Center for Innovation and Transformational Change
often came up in the discussion, with participants noting the importance of the role of CITC in providing common language for discussing improvement.
SHARE member Kim Latrobe, a Technologist in the Surgical Vascular Lab, says that her co-workers are more willing to speak up about problems now, and more optimistic about the way that management will consider their ideas.
Some in the room commented that their department staff had found it meaningful to see SHARE and hospital leadership coming together around the Unit Based Teams. Although SHARE members have experienced many different initiatives aimed at improvement over the years, this feels different. Working through issues in a process where all participants have equal voice creates mutual accountability and improved chance of continual improvement.
Bart Metzger, UMass Memorial Senior Vice President and Chief Human Resources Officer, said that hospital CEO Eric Dickson increasingly references the importance of UBT's in meetings among hospital executives. Metzger describes the function of the UBTs toward the hospital's goals of transforming and humanizing our institution, and turning the traditional management paradigm on its head.
In the recent months, the participants in these first UBT's have learned a lot about how to launch a UBT successfully . . . much of it by trial-and-error. During the Peer Learning Session, many participants thanked the UBT Coaches and their own Co-Sponsors, who have been supporting the teams with tools and strategies for tackling big problems productively.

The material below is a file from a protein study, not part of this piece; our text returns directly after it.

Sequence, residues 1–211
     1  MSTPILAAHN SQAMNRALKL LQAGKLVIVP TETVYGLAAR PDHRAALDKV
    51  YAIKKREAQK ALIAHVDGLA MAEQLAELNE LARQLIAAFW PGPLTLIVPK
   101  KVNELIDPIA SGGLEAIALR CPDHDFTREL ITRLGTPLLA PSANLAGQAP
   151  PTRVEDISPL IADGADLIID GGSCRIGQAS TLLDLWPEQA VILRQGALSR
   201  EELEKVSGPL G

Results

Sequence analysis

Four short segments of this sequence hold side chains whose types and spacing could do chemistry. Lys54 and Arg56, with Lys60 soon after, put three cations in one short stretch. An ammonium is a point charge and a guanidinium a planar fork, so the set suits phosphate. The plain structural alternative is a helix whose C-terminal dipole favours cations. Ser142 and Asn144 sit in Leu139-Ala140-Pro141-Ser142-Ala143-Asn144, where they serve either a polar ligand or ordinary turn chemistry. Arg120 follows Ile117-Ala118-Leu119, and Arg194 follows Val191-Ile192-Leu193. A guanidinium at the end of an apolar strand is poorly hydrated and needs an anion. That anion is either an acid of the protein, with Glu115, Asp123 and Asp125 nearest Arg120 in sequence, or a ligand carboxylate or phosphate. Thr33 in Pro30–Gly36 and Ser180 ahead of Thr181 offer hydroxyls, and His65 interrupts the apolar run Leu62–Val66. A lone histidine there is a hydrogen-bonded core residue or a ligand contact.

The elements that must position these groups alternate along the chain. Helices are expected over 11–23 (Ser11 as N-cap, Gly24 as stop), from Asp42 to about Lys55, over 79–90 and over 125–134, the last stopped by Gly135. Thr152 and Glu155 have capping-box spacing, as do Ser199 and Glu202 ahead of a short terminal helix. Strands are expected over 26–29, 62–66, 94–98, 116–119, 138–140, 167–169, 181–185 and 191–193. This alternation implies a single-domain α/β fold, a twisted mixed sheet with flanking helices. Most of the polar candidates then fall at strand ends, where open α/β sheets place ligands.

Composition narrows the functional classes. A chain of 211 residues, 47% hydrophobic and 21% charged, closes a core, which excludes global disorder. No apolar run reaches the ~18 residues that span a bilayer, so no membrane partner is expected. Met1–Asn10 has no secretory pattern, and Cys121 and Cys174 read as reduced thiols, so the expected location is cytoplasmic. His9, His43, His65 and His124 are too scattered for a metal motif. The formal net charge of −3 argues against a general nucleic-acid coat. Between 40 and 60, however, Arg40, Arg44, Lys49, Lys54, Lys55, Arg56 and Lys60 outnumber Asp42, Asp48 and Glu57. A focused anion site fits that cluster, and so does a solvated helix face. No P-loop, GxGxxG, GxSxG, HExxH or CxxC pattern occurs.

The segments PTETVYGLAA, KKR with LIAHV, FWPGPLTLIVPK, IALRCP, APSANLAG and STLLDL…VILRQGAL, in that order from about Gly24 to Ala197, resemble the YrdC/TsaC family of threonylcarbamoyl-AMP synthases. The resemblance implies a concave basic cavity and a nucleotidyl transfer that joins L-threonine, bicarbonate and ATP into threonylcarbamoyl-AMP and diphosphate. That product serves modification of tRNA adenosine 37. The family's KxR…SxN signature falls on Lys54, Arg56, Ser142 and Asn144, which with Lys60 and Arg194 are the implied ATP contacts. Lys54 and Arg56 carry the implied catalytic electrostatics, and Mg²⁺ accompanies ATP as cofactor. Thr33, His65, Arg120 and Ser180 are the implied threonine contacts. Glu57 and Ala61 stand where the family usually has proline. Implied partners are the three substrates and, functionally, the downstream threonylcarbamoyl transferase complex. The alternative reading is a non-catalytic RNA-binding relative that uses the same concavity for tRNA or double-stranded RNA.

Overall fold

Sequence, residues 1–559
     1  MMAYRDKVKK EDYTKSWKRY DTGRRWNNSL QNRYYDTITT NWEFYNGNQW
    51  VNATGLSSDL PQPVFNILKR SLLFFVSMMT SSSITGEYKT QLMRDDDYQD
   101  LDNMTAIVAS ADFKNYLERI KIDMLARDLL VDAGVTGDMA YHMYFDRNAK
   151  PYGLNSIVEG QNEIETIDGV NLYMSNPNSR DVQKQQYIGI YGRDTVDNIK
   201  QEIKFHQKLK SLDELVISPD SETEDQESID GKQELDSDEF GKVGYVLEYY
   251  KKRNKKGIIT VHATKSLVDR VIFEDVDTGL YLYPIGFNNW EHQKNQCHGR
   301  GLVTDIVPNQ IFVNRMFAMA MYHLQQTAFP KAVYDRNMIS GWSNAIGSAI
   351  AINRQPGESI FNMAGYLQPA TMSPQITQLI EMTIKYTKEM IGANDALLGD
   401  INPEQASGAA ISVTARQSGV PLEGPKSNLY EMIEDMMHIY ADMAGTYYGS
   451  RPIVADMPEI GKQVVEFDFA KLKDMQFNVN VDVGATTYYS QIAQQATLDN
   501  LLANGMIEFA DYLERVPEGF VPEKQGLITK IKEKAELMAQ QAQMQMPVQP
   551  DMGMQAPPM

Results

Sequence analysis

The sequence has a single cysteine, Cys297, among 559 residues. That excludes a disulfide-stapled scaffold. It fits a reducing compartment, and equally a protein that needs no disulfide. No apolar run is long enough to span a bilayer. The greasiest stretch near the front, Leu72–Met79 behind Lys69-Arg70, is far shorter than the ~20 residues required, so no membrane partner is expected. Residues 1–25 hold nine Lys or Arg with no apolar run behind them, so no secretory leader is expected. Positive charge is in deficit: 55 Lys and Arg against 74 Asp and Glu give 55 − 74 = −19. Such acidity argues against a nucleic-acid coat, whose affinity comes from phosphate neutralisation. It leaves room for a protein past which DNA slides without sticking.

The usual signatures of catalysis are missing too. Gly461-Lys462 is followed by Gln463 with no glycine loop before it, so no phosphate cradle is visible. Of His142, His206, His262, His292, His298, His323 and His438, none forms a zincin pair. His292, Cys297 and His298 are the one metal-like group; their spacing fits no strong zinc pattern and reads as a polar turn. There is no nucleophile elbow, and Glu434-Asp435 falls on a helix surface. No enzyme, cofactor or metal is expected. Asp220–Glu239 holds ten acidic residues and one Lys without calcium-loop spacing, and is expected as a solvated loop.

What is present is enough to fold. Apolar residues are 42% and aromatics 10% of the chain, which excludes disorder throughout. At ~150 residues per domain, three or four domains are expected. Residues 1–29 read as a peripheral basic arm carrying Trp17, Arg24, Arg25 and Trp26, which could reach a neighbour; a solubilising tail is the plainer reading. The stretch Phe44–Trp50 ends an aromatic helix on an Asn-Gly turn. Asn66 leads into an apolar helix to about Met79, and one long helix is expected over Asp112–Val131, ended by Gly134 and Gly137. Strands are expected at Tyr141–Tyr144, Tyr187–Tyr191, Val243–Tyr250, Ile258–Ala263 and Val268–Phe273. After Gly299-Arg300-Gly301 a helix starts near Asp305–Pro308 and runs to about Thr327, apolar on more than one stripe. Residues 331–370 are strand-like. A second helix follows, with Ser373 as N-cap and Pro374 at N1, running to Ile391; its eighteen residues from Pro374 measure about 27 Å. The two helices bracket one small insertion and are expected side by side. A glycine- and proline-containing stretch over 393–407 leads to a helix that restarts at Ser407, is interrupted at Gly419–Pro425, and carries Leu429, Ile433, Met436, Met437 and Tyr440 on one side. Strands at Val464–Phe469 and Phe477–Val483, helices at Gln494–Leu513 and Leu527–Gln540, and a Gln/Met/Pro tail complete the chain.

Although the UBT model involves a lot of planning, there have definitely been surprises in their initial experiments. The participants recommended even more training and more planning time, and encouraged the Coaches and Co-Sponsors to begin working with the next wave of UBT's as soon as possible, even though those teams won't be launching until after Epic Go-Live. We look forward to hearing more from this first group of UBT's.
SHARE Staff Organizers Janet Wilder and Will Erickson collect ideas and advice for improving the launch of the next wave of Unit Based Teams
The hour-long meeting brought together union members and management from the University Campus and the Memorial Campus, not to mention a labor-management pair who commuted in from our hospital's Tri-River facility in Uxbridge.
It wasn't easy to coordinate a time when so many could be away from their desks and workstations.
e know that whenever employees step away from the front lines to meet, it puts more pressure on those who remain in the departments to care for patients. We recognize those of you who are working in areas with UBT's for getting this important project started in such a strong way
. Already hundreds of SHARE members have helped move the work forward. Thank you.